Hamas on Tuesday denounced statements made by Palestinian Authority President Mahmoud Abbas in an interview with Lebanese television in which he said that he has the right to choose the prime minister of the Palestinian unity government, specifically mentioning current PA Prime Minister Salaam Fayyad.
Fatah and Hamas's failure to agree on the identity of the new prime minister has led to the indefinite postponement of the establishment of the unity government. Fatah continues to insist on the appointment of Fayyad, while Hamas says it would never sit together with him in any government.RELATED:Netanyahu urges Abbas to cancel Fatah-Hamas unity deal'Most Latin American nations rethinking PA's UN bid'
Hamas website Al-Qassam quoted organization spokesman Sami Abu Zuhri as calling Abbas's quotes "unnecessary media escalation.”
In the interview with LBC television, Abbas said that he has the right to form a government that represents his policies, saying he would take responsibility for its failure.
Abu Zuhri said that the PA president's statements were false and harmful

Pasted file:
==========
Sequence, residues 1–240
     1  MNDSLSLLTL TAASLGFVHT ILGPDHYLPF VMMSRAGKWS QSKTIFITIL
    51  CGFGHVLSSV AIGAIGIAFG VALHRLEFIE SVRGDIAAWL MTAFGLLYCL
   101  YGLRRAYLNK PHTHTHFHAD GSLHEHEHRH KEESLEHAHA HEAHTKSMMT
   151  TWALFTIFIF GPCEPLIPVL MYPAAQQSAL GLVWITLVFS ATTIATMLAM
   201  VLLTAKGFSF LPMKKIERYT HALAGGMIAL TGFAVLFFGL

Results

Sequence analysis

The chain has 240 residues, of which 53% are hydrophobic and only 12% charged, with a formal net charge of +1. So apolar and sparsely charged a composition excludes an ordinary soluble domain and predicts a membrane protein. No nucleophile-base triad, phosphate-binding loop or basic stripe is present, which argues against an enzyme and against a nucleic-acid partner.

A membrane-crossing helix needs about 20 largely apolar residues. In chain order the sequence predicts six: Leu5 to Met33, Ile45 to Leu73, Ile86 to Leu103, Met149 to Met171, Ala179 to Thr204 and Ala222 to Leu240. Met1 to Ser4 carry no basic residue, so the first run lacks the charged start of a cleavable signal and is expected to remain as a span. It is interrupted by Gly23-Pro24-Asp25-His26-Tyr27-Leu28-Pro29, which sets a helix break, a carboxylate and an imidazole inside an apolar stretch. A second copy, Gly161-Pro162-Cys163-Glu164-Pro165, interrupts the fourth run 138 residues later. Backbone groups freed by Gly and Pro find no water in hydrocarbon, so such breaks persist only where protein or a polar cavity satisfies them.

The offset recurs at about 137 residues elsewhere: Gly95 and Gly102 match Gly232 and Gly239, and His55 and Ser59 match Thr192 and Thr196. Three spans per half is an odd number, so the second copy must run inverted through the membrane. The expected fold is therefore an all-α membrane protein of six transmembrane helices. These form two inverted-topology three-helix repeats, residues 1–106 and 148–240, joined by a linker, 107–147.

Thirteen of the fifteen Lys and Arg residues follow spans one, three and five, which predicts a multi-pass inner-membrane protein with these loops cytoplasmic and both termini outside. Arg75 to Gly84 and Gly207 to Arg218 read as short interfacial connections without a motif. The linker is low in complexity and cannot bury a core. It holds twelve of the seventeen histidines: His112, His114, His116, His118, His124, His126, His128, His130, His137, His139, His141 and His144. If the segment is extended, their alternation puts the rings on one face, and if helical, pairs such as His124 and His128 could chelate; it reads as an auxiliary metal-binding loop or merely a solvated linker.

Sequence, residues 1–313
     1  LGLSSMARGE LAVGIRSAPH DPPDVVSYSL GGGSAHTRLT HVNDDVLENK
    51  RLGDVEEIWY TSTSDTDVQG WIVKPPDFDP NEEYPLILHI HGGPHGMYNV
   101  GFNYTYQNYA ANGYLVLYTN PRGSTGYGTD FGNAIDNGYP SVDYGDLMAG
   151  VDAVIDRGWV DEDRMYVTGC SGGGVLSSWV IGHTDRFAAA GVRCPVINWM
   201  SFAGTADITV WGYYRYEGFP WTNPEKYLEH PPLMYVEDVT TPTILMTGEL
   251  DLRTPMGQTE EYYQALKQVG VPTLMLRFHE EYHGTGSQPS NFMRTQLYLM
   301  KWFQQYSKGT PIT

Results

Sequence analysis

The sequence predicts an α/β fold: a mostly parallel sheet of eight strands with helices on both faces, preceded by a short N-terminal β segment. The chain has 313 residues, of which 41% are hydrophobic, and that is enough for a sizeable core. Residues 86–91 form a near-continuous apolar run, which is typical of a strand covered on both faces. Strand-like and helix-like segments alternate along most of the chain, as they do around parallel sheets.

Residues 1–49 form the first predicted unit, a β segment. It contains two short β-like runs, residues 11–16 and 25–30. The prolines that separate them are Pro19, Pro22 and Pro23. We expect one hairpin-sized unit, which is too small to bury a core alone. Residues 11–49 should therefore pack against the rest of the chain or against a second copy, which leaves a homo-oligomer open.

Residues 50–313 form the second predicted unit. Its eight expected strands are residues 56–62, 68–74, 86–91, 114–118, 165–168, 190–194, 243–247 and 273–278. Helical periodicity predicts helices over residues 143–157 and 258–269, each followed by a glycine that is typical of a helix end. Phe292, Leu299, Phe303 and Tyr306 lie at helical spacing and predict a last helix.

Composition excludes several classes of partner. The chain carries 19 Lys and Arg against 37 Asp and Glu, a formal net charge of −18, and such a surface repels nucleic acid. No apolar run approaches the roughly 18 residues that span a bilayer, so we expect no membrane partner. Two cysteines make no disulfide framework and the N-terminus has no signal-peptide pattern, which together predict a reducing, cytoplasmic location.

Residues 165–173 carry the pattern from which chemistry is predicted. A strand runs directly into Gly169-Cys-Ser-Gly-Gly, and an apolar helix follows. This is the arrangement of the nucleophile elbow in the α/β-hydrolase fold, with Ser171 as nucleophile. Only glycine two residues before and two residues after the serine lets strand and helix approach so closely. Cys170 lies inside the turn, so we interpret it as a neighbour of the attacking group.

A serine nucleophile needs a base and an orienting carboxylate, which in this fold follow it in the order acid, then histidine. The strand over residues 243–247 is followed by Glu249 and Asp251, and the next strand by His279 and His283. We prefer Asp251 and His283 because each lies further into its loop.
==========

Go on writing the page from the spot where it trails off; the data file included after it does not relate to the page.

to efforts to Palestinian unity efforts. He said that the new
government must be approved by the Palestinian Legislative Council, a
body dominated by Hamas, according to Al-Qassam.
The Hamas spokesman also objected to Abbas saying that he does not order
political arrests against those that oppose his policies.
Abu Zuhri accused the Palestinian Authority president of persecuting Hamas members and supporters in the West Bank.
Abbas also addressed the diplomatic process
with Israel in the LBC interview, saying that the United States has the power to stop the
Palestinians from taking their bid for a state to the United Nations in
"I don't know if the United States has other options," he said, "but if
they put them in our hands, we will not go to the UN," he said.
During the interview, Abbas said he believed that of the 192 voting
nations in the UN, 116 are currently ready to recognize a Palestinian
state. However, he said, if the United States was able to bring a return
to negotiations between Israel and the Palestinian Authority, the bid
could possibly be reconsidered.
Referring to the current deadlock that has prevented the very
negotiations he said he aspires to, Abbas listed borders and security as
the two major sticking points. Above all, however, was the status of
Jerusalem, an issue about which Abbas appeared intractable.
"If Jerusalem will not be the capital of Palestine," he said, "there will be no state at all."
Abbas said he only met with Netanyahu three times in the past two years,
which amounted to only about fifteen hours of direct conversation
between the two men. He also told LBC that he did not plan for a third
term as Palestinian Authority president when expected elections are held
As for the possibility of a third Intifada should both negotiations and
the UN bid fail, Abbas dismissed the idea. "Armed struggle is destroying
us," he said of the Palestinians.